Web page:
PHY138 Representative Assembly

Friday afternoon October 14 PHY138 staff and Representatives from the tutorial groups met for just over an hour to discuss issues of organisation and communication in the course. About 25 Representatives attended. Dr. Savaria and Prof. Strong were also there. This document summarises our discussion.

The session was very animated and extremely positive. We should all thank the Representatives who worked very hard on your behalf. We began with small groups of 5 - 6 Representatives discussing amongst themselves for 20 minutes or so; this was followed by the entire group spending about 15 minutes assembling a list of five major issues. During these phases only the Representatives were present. Then PHY138 staff met with the group to discuss the issues they had identified.

We discussed five issues.

1. Making the SideScreen PowerPoint Slides Available Before Class

First, doing this requires that the slides are done well before class. Sorry, but I'm not nearly that organised.

There are other issues here however.

For a descriptive science like biology, using PowerPoint as the primary way of delivering content is appropriate: BIO150 does things exactly this way. For an analytical science like physics, I am not convinced that this is true. That is why the primary content is delivered on the main screen, and may include the Journal program, Flash animations, In-Class Questions, etc. We use the side screens to allow you to glance back at previously developed material in an easy and natural fashion. This approach means, for example, that so far this term 60% of the slides have been either announcements which are also given in the class summary or just figures from the textbook. (The 60% number does not include the first class, which was nearly all announcements.)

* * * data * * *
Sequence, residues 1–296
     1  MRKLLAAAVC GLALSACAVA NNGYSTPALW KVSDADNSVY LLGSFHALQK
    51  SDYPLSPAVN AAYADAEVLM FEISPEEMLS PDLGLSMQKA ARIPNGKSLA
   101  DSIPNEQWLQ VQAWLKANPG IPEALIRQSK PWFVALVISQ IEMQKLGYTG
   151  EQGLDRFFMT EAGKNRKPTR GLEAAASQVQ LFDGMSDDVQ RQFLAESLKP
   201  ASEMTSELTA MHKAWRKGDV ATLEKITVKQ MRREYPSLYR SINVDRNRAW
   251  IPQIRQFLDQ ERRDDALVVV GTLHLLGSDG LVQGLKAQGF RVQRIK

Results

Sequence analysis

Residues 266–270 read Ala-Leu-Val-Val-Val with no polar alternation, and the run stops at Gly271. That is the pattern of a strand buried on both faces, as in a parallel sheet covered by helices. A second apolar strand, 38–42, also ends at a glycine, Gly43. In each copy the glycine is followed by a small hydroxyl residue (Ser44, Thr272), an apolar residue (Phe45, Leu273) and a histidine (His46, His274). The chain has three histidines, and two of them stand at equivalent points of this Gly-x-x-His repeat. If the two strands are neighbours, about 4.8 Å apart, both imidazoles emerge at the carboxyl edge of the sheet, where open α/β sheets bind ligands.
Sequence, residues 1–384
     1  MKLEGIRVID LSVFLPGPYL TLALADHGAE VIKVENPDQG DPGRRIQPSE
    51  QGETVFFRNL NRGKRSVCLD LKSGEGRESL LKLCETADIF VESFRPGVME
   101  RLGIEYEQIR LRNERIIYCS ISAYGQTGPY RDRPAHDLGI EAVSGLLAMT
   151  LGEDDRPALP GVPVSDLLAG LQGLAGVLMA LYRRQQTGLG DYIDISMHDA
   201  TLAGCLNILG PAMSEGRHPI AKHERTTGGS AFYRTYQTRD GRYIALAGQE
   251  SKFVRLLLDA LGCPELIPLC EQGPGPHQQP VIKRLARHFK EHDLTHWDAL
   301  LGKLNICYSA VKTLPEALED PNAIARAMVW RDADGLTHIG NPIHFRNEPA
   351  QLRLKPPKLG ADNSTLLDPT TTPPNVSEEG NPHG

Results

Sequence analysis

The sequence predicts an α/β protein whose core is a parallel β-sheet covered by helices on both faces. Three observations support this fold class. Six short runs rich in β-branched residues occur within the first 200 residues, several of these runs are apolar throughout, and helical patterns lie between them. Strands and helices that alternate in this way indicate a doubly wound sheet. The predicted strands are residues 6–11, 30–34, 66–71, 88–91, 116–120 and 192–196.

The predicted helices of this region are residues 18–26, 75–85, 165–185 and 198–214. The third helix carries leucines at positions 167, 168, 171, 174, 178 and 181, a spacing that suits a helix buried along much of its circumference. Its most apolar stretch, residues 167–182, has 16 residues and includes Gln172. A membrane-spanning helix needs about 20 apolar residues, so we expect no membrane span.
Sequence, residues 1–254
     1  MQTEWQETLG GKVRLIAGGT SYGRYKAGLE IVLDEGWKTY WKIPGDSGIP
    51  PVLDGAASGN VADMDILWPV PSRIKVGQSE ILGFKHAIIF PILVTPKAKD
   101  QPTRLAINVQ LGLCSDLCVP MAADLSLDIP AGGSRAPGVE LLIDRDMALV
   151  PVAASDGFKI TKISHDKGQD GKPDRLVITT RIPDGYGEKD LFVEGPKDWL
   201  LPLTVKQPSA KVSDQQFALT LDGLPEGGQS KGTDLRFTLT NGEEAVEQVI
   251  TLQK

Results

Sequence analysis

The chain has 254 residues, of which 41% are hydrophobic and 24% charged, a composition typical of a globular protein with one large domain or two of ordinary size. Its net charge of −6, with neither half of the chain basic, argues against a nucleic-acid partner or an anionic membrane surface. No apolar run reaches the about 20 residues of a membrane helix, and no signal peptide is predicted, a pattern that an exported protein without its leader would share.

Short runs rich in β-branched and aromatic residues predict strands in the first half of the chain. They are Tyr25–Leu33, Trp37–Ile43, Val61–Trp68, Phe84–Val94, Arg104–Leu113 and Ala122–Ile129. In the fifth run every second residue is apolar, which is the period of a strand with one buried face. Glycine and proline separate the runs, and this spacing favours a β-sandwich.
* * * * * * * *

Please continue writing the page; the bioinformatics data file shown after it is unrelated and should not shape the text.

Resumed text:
Professor Strong, who will be doing the 3rd quarter of PHY138 this year, reported that when she was teaching PHY140 she tried doing this. She said that it didn't work out too well. She also reported that some students said that having the hardcopy of the slides made it too easy to "tune out" during class.

Last year another Professor did the 3rd quarter and the classes were 100% PowerPoint based, while the other 3 quarters were done largely the way we have been doing it this term. Students reported that the PowerPoint method was not as effective for their learning.

2. Tutorials

Some Representatives said that the Student Workbook was "useless." This surprised me, because the tutors have been reporting that the workbook is very helpful. A common comment from tutors is that the activities of the workbook prompt students to ask exactly the questions that need to be clarified before we find out that there is confusion about a concept on the test.

An example is the confusion regarding the Tarzan activity. The difficulty of this surprised us, and you may have noticed that it has become one of the central examples that we have used repeatedly in class.